The roles of aspirin and Lipitor to regulate MDSC and TAM

The results from FCM indicated that aspirin significantly inhibited the expansion of MDSC and the M2, however Lipitor did not significantly affect MDSC, unexpected to us, it promoted the expansion of M2 signifiantly. Western blotting was used to detect, the specific effector of MDSC, arginas-1 (arg-1) and specific marker of M2 (CD206) as well. The results confirmed the results of FCM (Fig. 2).
Fig. 2

Aspirin inhibited pancreatic cancer-induced MDSC and M2 in vitro, however Lipitor promoted pancreatic cancer-induced M2. a The FCM results indicated that aspirin significantly inhibited pancreatic cancer-induced MDSC, however Lipitor did not obviously affect pancreatic cancer-induced MDSC. b The representative plots of FCM. c Western blotting of arginase-1 confirmed the results of FCM. d The FCM results indicated that aspirin significantly inhibited pancreatic cancer-induced M2, on the contrary, Lipitor obviously promoted pancreatic cancer-induced M2. e The representative plots of FCM. f Western blotting of CD206 onfirmed the results of FCM. Each experiment was performed in triplicats and the representative one was shown. ANOVA analysis, SNK-q test, * P < 0.05, ** P < 0.01

The effects of aspirin and Lipitor on the efficacy of gemcitabine in vitro

The CFSE-labeled Panc02 cancer cells were cultured with BMCs or RAW264.7 cells and then gemcitabine was used for chemotherapy. FCM was used to detect the MDSC and M2. Fluorescence microscopy was used to indicate the density of CFSE-labeled Panc02 cells. After chemotherapy, the percentage of M2 significantly increased, and aspirin inhibited the expansion of MDSC and M2, but Lipitor did not significantly inhibit MDSC, instead it promoted M2. The density of pancreac cancer cells indicated that Panc02 cells were sensitive to gemcitabine, and aspirin enhanced the efficacy of gemcitabine, however Lipitor significantly weakened the efficacy of gemcitabine and aspirin by promoting M2 (Fig. 3).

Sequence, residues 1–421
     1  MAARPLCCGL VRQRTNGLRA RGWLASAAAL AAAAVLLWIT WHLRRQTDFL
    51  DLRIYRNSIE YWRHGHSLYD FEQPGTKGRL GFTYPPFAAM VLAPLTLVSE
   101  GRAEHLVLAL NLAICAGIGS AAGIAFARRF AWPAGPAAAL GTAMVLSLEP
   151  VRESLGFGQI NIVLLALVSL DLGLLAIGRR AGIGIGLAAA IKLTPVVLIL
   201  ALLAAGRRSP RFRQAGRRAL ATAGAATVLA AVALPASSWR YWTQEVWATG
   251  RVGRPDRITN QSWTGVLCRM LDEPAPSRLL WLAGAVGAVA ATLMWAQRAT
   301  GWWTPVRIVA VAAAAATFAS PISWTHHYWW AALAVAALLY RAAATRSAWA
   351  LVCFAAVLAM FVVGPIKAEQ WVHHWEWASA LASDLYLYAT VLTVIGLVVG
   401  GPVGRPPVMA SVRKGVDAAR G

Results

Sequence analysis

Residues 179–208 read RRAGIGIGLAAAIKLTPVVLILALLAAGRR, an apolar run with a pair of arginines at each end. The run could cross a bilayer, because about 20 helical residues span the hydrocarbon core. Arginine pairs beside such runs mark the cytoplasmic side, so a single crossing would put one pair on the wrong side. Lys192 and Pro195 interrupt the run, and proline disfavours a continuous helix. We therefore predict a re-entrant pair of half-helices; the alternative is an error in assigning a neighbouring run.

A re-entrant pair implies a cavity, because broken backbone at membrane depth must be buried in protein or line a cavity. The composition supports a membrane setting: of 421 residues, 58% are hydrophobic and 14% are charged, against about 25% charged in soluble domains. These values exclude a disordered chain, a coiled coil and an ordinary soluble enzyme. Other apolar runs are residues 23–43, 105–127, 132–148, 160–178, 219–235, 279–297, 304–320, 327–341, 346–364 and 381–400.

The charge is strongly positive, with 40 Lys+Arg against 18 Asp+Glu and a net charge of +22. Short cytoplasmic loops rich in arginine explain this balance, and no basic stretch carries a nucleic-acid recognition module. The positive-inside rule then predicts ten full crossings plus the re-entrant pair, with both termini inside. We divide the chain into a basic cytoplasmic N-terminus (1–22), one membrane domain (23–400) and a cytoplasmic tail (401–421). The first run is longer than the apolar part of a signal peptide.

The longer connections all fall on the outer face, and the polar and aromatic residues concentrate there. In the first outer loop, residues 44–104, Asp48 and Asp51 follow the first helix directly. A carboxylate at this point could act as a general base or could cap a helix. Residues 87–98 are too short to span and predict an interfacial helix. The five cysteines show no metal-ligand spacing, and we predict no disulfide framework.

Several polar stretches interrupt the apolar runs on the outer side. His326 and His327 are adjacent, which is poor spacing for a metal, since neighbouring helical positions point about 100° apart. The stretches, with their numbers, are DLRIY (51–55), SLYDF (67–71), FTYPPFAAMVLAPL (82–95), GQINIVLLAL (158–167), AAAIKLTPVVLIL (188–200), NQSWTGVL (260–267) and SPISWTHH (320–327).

Fig. 3

Aspirin augmented the efficacy of gemcitabine in vitro partially by inhibiting MDSC and M2, however Lipitor weakened the efficacy of aspirin and Lipitor by promoting M2. a The RAW264.7 macrophages and Panc02 cells were co-cultured, and gemcitabine was used for chemotherapy. The proportions of M2 (F4/80+ CD16/32+ CD206+) in CD45+ cells were detected by FCM. The results indicated that gemcitabine induced M2, aspirin inhibited M2, however Lipitor promoted gemcitabine-induced M2. b The representative plots of FCM. c The CFSE stained Panc02 cells were observed under fluorescent microscope (×100), the results indicated the Panc02 cells were sensitive to gemcitabine, aspirin augmented the efficacy of gemcitabine, however Lipitor weakened the efficacy of aspirin and gemcitabine. d The BMCs (bone marrow cells) and Panc02 cells were co-cultured, and gemcitabine was used for chemotherapy as well. The proportions of MDSC (CD11b+ Gr-1+) in CD45+ cells were detected by FCM. The results indicated that gemcitabine inhibited MDSC, aspirin inhibited MDSC as well, but Lipitor did not significantly affect MDSC. e The representative plots of FCM. f The CFSE stained Panc02 cells were observed under fluorescent microscope (×100), the results indicated aspirin augmented the efficacy of gemcitabine, however Lipitor did not significantly affect the efficacy of aspirin and gemcitabine. Each experiment was performed in triplicats and the representative one was shown. ANOVA analysis, SNK-q test, * P < 0.05, ** P < 0.01

The effects of aspirin and Lipitor on the efficacy of gemcitabine in vivo

Subtaneous implantation of Panc02 cells wer used to test the efficacy of gemcitabine and the roles of aspirin and Lipitor in vivo. The tumor growth curve indicated that the similar results like the in vitro results, that is, aspirin had synergic roles with gemcitabine, however Lipitor attenuated the efficacy of gemcitabine and aspirin (Fig. 4). The inflammatory cell populations in tumor tissue and peripheral blood of the different groups were analyzed. In peripheral blood, aspirin had synergic roles to inhibit MDSC with gemcitabine and as well it inhibited gemcitabine- promoted M2, however Lipitor significantly enhanced the roles of gemcitabine to promote M2 (Table 3, Fig. 5). In tumor tissue, gemcitabine induced accumulation of B cells,DC and M2, on the contrary, it reduced the infiltrations of Th, CTL and MDSC. Aspirin had synergic roles with gemcitabine to reduce MDSC, and it also weakened gemcitabine-induced M2, however Lipitor augmented gemcitabine-induced M2 (Table 4, Fig. 5). Later we anaylzed the cytokines in spleen and tumor tissue by real time RT-PCR and elisa tests. We also confirmed that the arginase-1 in spleen and tumor tissue were reduced by gemcitabine and aspirin. Gemcitabine induced significant systematic and local intratumoral Th2 cytokine environment which could be the curcial factors to promote M2, aspirin inhibited theses effects of gemcitabien, however Lipitor augmetned these effects of gemcitabine (Fig. 6).